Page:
Thanks you, Marvin. But, we now have some new problems. Getting those clients to pay quickly ate in to our inventory. Our accounts receivable are at an almost unacceptable level.  The banks have noticed that and have raised some questions. On the expense side, we are cutting and pruning and we are way down on what we can cut. Our accounts payable numbers are much higher as a percentage of revenue than they ever have been. And while a 4% increase in revenue seems commendable, it is only slighter better than flat. We still need to increase the revenue side.

Laforge:

Look, guys – this isn’t a complicated business- we put in hours, charge by the hour and get paid by the hour. Just tell everybody to bill more hours. I’ve read that a couple of firms are doing that.

Shuster:

We have another problem, Herman. We lost a couple of our old time producers last year. They took a chunk of business with them and the press is starting to ask questions. The truth is that I tool this pretty hard – after all I’ve known these lawyers for thirty years and I found it hard to believe that they didn’t appreciate what we were doing for them in building the firm.

Laforge:

I don’t get it. What ever happened to loyalty?

Shuster:

It’s just not like the good old days, is it, Herman, is it?

But we have another problem brewing, you know when we went on that lateral hiring spree a couple of years ago, we asked some of our second and third tier partners to defer their comp to help pay for the new business. Well the total of deferred comp is getting a little out of hand and some of our partners and the banks are beginning to worry about that.  Some of the guys leaving are telling me that the whole deferred comp idea is one of the reasons they decided to bail out. And the press is starting to ask some hard questions.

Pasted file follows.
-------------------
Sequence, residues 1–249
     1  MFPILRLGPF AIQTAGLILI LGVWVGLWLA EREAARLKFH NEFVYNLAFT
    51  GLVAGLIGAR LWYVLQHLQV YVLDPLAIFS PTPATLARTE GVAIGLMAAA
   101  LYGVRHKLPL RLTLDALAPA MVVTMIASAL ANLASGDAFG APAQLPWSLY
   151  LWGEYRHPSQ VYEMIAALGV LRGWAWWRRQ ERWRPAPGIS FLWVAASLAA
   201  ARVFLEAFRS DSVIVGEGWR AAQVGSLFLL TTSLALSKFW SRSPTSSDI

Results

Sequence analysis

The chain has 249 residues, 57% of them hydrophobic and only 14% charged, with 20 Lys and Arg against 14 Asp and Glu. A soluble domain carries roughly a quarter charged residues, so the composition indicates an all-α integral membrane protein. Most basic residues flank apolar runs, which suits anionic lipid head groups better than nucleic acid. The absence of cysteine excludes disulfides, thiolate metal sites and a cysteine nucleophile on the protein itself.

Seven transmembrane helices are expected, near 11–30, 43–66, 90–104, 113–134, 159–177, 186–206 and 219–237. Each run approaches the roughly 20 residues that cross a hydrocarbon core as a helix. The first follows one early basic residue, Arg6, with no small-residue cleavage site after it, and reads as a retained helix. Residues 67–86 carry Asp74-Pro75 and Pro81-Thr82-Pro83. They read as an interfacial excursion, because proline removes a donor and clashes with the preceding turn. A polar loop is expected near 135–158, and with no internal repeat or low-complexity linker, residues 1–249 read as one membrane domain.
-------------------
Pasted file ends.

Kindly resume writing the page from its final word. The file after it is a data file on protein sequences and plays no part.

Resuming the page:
Lafarge:

Look, Marvin, you get O’Brien to prepare another press release saying how we’re really doing well and that these partners leaving is part of our ongoing efforts to align ourselves with market realities. And you may as well let everybody know that we’re going to be laying off some more lawyers and support staff. You know, the alignment thing.  We’re not the only ones going through this.

Shades:

Herman – with all due respect, I think we need a more comprehensive approach on the media side.  Look, we saw Howrey go down last year.  The leadership there just didn’t appreciate how what they were telling the media helped sink them.

Lafarge (rising, very agitated):

Are you saying that we’re in danger of sinking? Is that what you’re saying?

Shades:

No Herman. Calm down. Every law firm is at its essence a fragile business. The point is that we need to recognize the realities. We must level with all of our partners. We need to make sure we are all working together as a team for a common purpose.

We also need to make sure that our partners understand that if we continue to get bad press and they continue to bail, we could, heaven forbid, be this year’s Howrey. We need to make sure that every partner understands that the personal consequences to the partners if we tank are extremely dire.

Let’s take our own statements seriously. Let’s really make sure that all of our partners are actually properly aligned and that all are compensated fairly.

Lafarge:

Sounds like a plan.

Curtains Draw to a Close

Author’s Curtain Call invitation to his audience:  Please help me with writing the fifth act. How do you think this production should end?

 

 

© Jerome Kowalski, March, 2012. All Rights reserved.

Jerry Kowalski is the founder of Kowalski & Associates, a consulting firm serving the legal profession exclusively. Jerry is a regular contributor to a variety of publications and is a frequent (always engaging and often humorous) speaker to a variety of forums. Jerry can be reached at jkowalski@kowalskiassociates.com or at 212 832 9070, Extension 310.

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8 Responses